If it weren’t already obvious to you, I’ll let you in on a secret: scientific hypotheses regularly affect the selection and organization (and therefore the content) of what passes for scientific data. In other words, scientists regularly confirm with the “evidence” only what they already believe to be true and are aiming to “prove.” This is especially the case in arenas where science weighs heavily on politics (and vice-versa). The most recent revelation of the inner workings of the NOAA (National Oceanic and Atmospheric Administration) only serves to confirm the reality of this circular process.
It has recently come to light that the NOAA has been tweaking climate data from the past in order to better fit this data into its most current models of global climate change. For some time, the NOAA pegged July 2012 as the hottest month on record. But recently this “honor” reverted to July 1936 when the NOAA tweaked its climate model. In other words, the NOAA “interprets” the data of the past according to its most recent methods for collecting climate data, and, as the methods change, so does the data. At any given time, purportedly “hard” data from the past can magically change based on the model du jour at the NOAA.
However you view this information, it should trouble you. The NOAA defends its decision to tweak old data by saying that, as data-collection methods have become more sophisticated, it has become clear that some of the data that had been collected in the past needed to be re-evaluated.
But you can’t have it both ways. Think about it. How were the most up-to-date models derived? I thought these models were supposed to be based on data collected over the last century. So it stands to reason that, if the data of the last century is being called into question, then the model based on that data is also dubious. That is, if the model is based on the data. But, if you’re paying attention, you’ll notice that this most recent revelation means that the model has not been based on the data. The data is being fitted to the model.
And that isn’t real science. Either the data from the past is solid, and the hypotheses and models based on it are equally solid, or past data is suspect, and scientists must scrap any hypotheses that depend on it. When you are talking about reading variable trends over the course of hundreds of years, the science cannot help but be questionable. Think about the vast number of contributing factors involved in the weather. How do you determine whether certain weather events are part of a trend or just freak occurrences? You would need to have reliable data, collected using the same reliable and consistent methods, stretching back over hundreds of years. And much of the problem is that we don’t even know whether we are collecting all the right data. And even if we could be sure that we had been collecting data in the right way over the course of a thousand years (which of course is not the case), it could be that the cycles and regularities we think we detect over the long haul are caused by things we haven’t even been measuring—and have no way of measuring.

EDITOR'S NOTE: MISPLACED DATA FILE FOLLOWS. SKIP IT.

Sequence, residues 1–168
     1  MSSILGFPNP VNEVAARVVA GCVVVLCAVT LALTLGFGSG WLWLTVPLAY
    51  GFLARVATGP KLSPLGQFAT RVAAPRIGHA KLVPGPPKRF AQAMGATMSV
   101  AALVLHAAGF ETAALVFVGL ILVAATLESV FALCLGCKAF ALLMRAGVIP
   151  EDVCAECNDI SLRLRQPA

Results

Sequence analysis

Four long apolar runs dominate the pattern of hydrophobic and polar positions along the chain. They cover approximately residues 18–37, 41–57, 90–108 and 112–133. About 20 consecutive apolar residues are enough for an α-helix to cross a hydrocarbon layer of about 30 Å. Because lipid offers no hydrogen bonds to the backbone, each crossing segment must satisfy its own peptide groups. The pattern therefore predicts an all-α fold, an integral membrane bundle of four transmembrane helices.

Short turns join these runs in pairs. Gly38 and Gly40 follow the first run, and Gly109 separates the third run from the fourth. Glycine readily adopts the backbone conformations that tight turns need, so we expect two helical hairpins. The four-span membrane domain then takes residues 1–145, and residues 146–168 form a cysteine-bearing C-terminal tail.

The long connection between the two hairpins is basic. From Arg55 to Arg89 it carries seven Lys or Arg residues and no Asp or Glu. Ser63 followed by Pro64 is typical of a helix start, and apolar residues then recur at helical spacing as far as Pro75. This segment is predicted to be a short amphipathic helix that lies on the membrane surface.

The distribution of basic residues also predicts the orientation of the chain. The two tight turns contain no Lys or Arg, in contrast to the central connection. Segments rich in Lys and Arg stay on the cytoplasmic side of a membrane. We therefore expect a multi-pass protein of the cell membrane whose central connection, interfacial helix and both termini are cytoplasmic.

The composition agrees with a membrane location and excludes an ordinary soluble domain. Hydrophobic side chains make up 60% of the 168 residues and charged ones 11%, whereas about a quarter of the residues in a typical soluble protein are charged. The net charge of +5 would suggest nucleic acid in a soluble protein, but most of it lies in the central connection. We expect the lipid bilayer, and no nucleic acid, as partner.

There is no way around it—from within our huge and inchoate pool of data, we must select the (almost certainly incomplete) data that appears to be forming into trends (removing outliers and disqualifying data collected from unreliable sources). And, in a pool of data as large as the weather, how do we know what data to keep and what data to ignore? By fitting it into a model, of course. But, unfortunately, the model dictates what data we’ll be collecting. So, if the model proves to be errant, as so many scientific models have before, it means starting again from scratch or trying to salvage what we can from our original pool of data—assuming we even collected what we’re now looking for. This is not what the NOAA is doing. Instead, they are clinging to their original model even to the point of changing data.
It is foolish to think that science is just looking at the facts and then forming conclusions. Possible conclusions must be formed first so that we know what evidence to look for. And, sometimes, we are fooled for years by confirmation bias into thinking our model is correct merely because we’ve been trashing or ignoring disagreeable data. It’s not just that we don’t know everything. We don’t even know what it is we don’t know. And that should make all of us approach science with a little more humility and open-mindedness.
In other words, we should refrain from certainty on scientific issues pretty much indefinitely, especially when the science is as complicated as all the weather from ancient times until now. But the NOAA, mostly due to the fact that it is organized and funded by the civil government, gets a huge amount of pressure to take the posture of certainty. The civil government wants results. And not just any results—the ones that would be most helpful in the current political climate.
So instead of humbly recognizing that the vagaries of environmental science are too nuanced and too complicated to produce incontrovertible conclusions, the NOAA has been imposing their own current models onto past data, as if they already know for certain what’s going on. In their minds, if the data doesn’t reflect their own concrete conclusions, it’s because something is wrong with the data. And that may make for “good” politics. But it is positively bad science.